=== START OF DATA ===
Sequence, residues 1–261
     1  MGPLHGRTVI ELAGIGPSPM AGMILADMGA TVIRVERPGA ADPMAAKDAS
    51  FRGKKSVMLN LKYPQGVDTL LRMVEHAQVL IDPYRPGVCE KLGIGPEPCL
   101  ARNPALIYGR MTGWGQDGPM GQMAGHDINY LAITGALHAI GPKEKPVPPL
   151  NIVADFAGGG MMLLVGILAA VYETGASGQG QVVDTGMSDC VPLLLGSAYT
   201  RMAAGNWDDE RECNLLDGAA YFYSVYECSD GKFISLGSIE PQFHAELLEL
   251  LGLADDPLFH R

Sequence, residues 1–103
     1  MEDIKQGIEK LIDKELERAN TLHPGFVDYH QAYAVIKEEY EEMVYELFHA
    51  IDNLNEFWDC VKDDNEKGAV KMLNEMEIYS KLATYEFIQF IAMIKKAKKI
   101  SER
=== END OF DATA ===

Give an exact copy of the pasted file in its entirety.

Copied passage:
Sequence, residues 1–261
     1  MGPLHGRTVI ELAGIGPSPM AGMILADMGA TVIRVERPGA ADPMAAKDAS
    51  FRGKKSVMLN LKYPQGVDTL LRMVEHAQVL IDPYRPGVCE KLGIGPEPCL
   101  ARNPALIYGR MTGWGQDGPM GQMAGHDINY LAITGALHAI GPKEKPVPPL
   151  NIVADFAGGG MMLLVGILAA VYETGASGQG QVVDTGMSDC VPLLLGSAYT
   201  RMAAGNWDDE RECNLLDGAA YFYSVYECSD GKFISLGSIE PQFHAELLEL
   251  LGLADDPLFH R

Sequence, residues 1–103
     1  MEDIKQGIEK LIDKELERAN TLHPGFVDYH QAYAVIKEEY EEMVYELFHA
    51  IDNLNEFWDC VKDDNEKGAV KMLNEMEIYS KLATYEFIQF IAMIKKAKKI
   101  SER